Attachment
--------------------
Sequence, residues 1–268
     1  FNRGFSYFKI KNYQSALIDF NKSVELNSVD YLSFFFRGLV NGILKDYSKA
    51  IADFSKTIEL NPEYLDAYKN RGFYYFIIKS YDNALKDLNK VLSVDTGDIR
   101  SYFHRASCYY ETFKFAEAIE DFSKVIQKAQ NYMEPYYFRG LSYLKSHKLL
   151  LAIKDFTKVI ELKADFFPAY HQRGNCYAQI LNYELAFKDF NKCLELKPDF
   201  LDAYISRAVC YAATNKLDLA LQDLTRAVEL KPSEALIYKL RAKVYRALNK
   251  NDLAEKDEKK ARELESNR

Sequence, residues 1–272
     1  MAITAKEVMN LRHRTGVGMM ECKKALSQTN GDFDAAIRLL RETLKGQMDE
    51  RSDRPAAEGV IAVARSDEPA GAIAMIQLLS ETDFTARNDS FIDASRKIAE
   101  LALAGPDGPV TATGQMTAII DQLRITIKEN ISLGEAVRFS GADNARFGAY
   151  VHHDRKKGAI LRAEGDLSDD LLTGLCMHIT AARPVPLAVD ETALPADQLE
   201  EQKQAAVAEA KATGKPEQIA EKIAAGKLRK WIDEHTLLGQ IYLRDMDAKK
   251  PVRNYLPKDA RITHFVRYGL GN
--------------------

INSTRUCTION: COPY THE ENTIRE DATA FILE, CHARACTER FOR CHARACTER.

Sequence, residues 1–268
     1  FNRGFSYFKI KNYQSALIDF NKSVELNSVD YLSFFFRGLV NGILKDYSKA
    51  IADFSKTIEL NPEYLDAYKN RGFYYFIIKS YDNALKDLNK VLSVDTGDIR
   101  SYFHRASCYY ETFKFAEAIE DFSKVIQKAQ NYMEPYYFRG LSYLKSHKLL
   151  LAIKDFTKVI ELKADFFPAY HQRGNCYAQI LNYELAFKDF NKCLELKPDF
   201  LDAYISRAVC YAATNKLDLA LQDLTRAVEL KPSEALIYKL RAKVYRALNK
   251  NDLAEKDEKK ARELESNR

Sequence, residues 1–272
     1  MAITAKEVMN LRHRTGVGMM ECKKALSQTN GDFDAAIRLL RETLKGQMDE
    51  RSDRPAAEGV IAVARSDEPA GAIAMIQLLS ETDFTARNDS FIDASRKIAE
   101  LALAGPDGPV TATGQMTAII DQLRITIKEN ISLGEAVRFS GADNARFGAY
   151  VHHDRKKGAI LRAEGDLSDD LLTGLCMHIT AARPVPLAVD ETALPADQLE
   201  EQKQAAVAEA KATGKPEQIA EKIAAGKLRK WIDEHTLLGQ IYLRDMDAKK
   251  PVRNYLPKDA RITHFVRYGL GN